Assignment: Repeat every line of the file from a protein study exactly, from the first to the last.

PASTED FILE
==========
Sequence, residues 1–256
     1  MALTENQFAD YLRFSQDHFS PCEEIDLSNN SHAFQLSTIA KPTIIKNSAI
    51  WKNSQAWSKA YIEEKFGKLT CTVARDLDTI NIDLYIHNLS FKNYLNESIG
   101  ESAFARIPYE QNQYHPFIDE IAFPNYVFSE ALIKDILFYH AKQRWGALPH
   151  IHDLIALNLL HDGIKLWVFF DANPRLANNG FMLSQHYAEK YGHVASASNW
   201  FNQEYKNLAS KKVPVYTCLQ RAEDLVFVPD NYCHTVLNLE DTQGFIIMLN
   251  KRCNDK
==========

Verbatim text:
Sequence, residues 1–256
     1  MALTENQFAD YLRFSQDHFS PCEEIDLSNN SHAFQLSTIA KPTIIKNSAI
    51  WKNSQAWSKA YIEEKFGKLT CTVARDLDTI NIDLYIHNLS FKNYLNESIG
   101  ESAFARIPYE QNQYHPFIDE IAFPNYVFSE ALIKDILFYH AKQRWGALPH
   151  IHDLIALNLL HDGIKLWVFF DANPRLANNG FMLSQHYAEK YGHVASASNW
   201  FNQEYKNLAS KKVPVYTCLQ RAEDLVFVPD NYCHTVLNLE DTQGFIIMLN
   251  KRCNDK